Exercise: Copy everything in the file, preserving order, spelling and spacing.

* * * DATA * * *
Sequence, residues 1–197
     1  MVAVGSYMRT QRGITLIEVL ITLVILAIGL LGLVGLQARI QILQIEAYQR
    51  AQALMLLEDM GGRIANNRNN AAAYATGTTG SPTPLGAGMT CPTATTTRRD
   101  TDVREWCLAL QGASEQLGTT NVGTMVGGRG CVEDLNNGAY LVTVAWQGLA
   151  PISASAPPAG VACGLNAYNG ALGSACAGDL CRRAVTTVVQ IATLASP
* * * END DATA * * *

Sequence, residues 1–197
     1  MVAVGSYMRT QRGITLIEVL ITLVILAIGL LGLVGLQARI QILQIEAYQR
    51  AQALMLLEDM GGRIANNRNN AAAYATGTTG SPTPLGAGMT CPTATTTRRD
   101  TDVREWCLAL QGASEQLGTT NVGTMVGGRG CVEDLNNGAY LVTVAWQGLA
   151  PISASAPPAG VACGLNAYNG ALGSACAGDL CRRAVTTVVQ IATLASP